Instead, the new U.S. team has focused on the Council’s response to specific crises, such as those in Myanmar and Tigray. On arriving in New York, Thomas-Greenfield seemed keen to secure as many “Council products” (UN parlance for statements and resolutions) about these emergencies as possible. The Trump administration had little time for such multilateral verbiage. Thomas-Greenfield, by contrast, seems to see negotiating such products as a way to show that the Council can function effectively. In February and March, the U.S. backed British efforts to hammer out with China a series of Council statements challenging the coup in Myanmar. Thomas-Greenfield also made producing a press statement on the worsening humanitarian situation in Tigray – first floated by Ireland – a personal priority, telling her counterparts that this case is a test of whether or not the Council genuinely cares about African lives.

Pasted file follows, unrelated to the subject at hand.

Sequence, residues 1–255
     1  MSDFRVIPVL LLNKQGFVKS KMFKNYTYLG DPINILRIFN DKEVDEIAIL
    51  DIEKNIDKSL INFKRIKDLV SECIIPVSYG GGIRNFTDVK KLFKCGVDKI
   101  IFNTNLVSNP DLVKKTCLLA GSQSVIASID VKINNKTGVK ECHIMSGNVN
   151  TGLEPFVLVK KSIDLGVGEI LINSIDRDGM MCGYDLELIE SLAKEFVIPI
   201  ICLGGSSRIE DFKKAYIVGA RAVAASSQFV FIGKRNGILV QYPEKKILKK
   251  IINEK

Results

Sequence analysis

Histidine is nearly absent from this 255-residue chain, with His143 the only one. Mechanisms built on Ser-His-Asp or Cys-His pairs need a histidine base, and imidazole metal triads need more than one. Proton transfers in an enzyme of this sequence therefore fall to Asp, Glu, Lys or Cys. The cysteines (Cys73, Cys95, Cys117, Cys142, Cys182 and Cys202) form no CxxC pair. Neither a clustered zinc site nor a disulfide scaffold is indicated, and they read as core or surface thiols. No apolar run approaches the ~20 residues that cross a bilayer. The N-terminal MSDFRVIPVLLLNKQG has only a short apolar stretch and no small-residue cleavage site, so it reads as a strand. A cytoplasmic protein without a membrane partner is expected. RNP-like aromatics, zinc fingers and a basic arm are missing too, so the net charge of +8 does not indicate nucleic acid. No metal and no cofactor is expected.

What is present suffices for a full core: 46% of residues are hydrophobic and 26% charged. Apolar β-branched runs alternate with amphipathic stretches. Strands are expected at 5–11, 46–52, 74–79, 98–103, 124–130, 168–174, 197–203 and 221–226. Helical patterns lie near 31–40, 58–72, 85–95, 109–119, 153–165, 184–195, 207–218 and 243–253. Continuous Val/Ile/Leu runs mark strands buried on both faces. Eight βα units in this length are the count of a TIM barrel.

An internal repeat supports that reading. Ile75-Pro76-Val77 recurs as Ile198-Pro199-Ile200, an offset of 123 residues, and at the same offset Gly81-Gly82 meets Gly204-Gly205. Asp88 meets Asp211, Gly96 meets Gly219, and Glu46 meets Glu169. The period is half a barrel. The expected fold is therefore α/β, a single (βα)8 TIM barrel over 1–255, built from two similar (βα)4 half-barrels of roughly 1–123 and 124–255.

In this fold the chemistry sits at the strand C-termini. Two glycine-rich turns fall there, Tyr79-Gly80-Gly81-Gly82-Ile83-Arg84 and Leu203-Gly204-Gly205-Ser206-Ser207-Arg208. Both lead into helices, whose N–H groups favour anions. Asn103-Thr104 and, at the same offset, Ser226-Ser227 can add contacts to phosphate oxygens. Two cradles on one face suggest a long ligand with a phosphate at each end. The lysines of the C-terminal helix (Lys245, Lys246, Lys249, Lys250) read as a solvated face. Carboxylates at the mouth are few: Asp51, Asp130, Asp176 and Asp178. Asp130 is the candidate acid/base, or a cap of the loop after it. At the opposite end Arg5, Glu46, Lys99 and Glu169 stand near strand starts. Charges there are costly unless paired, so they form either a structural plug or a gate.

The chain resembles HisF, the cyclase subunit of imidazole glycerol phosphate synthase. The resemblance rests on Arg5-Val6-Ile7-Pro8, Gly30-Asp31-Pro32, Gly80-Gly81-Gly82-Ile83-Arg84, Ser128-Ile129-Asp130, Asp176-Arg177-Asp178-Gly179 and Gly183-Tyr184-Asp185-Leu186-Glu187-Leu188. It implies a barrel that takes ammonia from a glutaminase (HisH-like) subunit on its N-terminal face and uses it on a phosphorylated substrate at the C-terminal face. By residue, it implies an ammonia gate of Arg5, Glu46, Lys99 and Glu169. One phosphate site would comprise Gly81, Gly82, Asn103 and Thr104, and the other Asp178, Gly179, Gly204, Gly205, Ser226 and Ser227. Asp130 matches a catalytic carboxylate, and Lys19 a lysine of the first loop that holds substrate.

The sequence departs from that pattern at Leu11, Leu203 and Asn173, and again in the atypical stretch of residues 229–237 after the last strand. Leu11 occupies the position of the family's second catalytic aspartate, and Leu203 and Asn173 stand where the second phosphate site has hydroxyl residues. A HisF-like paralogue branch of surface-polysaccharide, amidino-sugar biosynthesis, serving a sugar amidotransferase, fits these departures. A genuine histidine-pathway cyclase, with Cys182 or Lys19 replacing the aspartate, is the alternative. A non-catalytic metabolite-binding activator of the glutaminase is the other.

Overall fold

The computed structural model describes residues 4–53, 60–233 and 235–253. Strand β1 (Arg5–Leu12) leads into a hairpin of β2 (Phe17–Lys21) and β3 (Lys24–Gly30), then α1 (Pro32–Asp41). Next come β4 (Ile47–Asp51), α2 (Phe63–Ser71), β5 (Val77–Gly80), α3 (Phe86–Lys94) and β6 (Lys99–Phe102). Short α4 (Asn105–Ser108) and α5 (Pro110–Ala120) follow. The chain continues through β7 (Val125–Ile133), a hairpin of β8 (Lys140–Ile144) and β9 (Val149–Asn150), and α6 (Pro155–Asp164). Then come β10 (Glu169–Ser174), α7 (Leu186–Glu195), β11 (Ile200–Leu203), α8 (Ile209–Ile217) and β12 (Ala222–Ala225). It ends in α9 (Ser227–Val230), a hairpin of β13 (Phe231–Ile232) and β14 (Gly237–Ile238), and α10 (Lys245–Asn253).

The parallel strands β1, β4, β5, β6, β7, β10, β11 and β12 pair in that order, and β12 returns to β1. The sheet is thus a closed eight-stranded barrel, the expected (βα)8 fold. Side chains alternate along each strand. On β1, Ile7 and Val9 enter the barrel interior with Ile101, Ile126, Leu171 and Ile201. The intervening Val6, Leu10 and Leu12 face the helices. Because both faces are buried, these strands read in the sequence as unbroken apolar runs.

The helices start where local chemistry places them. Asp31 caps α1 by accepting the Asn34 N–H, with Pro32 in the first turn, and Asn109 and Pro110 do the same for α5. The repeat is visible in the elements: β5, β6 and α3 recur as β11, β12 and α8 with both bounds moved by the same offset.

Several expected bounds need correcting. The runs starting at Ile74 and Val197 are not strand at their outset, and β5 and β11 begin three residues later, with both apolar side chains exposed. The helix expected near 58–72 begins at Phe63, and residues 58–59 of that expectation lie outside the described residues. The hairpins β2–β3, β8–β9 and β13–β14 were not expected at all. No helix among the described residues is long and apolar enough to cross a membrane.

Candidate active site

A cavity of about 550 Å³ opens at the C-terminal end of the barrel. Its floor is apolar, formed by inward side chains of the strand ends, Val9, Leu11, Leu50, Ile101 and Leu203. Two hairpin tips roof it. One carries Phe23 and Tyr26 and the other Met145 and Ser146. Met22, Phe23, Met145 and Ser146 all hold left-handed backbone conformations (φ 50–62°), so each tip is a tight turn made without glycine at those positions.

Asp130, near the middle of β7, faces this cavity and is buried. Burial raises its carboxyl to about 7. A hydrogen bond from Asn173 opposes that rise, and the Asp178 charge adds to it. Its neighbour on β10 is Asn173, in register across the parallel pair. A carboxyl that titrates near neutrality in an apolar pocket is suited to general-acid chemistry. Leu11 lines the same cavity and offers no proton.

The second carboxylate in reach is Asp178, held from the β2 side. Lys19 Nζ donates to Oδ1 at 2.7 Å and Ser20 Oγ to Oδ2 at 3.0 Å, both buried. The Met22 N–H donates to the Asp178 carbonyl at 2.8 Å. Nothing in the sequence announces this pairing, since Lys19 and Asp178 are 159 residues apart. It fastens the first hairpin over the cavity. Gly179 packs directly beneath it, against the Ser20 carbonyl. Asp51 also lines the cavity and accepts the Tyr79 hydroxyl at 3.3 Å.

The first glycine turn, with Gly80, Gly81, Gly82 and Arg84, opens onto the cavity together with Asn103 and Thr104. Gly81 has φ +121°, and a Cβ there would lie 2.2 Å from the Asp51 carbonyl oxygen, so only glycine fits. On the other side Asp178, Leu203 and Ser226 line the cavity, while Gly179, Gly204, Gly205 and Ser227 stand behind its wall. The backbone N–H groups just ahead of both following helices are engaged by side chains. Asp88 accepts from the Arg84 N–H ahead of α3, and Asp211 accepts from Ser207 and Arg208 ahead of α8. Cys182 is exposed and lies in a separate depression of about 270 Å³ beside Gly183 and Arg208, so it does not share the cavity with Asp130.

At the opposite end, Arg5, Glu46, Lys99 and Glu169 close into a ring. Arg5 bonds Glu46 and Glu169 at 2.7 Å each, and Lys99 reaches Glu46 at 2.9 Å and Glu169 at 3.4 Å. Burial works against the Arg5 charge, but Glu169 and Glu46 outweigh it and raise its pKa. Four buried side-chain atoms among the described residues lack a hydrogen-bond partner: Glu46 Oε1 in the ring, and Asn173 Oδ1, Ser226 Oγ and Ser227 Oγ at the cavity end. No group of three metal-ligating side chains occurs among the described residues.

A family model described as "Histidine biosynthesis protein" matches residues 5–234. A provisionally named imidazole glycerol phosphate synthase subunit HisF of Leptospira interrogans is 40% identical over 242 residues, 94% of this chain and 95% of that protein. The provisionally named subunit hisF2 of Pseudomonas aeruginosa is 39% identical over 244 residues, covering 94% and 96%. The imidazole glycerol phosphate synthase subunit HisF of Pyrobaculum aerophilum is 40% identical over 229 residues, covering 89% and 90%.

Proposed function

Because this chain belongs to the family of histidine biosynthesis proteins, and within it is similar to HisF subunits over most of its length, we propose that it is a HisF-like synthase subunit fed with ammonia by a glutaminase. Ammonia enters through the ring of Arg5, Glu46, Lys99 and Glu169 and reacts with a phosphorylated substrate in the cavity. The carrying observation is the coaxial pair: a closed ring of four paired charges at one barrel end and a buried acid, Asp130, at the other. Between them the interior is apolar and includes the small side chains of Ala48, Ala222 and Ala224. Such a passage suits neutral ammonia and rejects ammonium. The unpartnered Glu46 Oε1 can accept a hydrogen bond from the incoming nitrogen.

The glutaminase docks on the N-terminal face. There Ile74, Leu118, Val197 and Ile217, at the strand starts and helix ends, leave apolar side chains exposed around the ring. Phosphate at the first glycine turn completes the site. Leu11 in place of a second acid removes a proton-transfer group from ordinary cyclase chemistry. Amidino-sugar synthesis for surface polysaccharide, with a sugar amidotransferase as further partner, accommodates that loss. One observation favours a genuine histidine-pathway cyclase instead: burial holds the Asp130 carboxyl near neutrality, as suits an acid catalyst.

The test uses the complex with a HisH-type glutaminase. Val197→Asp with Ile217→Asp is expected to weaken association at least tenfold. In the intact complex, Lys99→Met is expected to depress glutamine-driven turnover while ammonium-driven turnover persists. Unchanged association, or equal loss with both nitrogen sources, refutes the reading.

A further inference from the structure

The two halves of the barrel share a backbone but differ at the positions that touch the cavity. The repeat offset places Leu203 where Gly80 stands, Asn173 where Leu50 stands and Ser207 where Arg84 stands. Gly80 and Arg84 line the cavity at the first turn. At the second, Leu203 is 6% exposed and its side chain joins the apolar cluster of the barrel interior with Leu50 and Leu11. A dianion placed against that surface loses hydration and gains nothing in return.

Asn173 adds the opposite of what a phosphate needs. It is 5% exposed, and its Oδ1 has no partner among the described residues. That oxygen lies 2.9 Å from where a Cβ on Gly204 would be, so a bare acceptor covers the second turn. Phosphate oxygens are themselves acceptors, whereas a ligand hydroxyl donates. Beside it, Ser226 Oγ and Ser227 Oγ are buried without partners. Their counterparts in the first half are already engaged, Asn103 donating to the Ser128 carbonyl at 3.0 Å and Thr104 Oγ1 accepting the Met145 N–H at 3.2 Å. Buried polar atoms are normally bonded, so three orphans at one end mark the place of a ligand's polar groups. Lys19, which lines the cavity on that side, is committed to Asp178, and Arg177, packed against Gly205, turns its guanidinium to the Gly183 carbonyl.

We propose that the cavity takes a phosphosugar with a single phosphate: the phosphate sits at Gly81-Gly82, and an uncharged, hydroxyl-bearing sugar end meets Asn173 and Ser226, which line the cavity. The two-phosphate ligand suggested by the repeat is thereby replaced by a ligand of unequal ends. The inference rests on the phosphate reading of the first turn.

In less emotive terms, the emphasis on negotiating Council products has also been a test of how far China and Russia – both notoriously loath to make statements they see as interfering in other countries’ internal affairs – are willing to go in finding common ground with the West. The Chinese and Russians have played along, but only up to a point. Beijing and Moscow agreed to sign off on UN statements on Myanmar in the immediate aftermath of the 1 February coup, when the situation on the ground was unclear. But China often distanced itself from these statements after the fact, while Russia openly courted the military authorities in Naypyitaw. The two powers also grudgingly responded to Thomas-Greenfield’s push for a statement on Tigray in April, though they insisted that it omit reference to key factors in the conflict, such as Eritrea’s role in the fighting.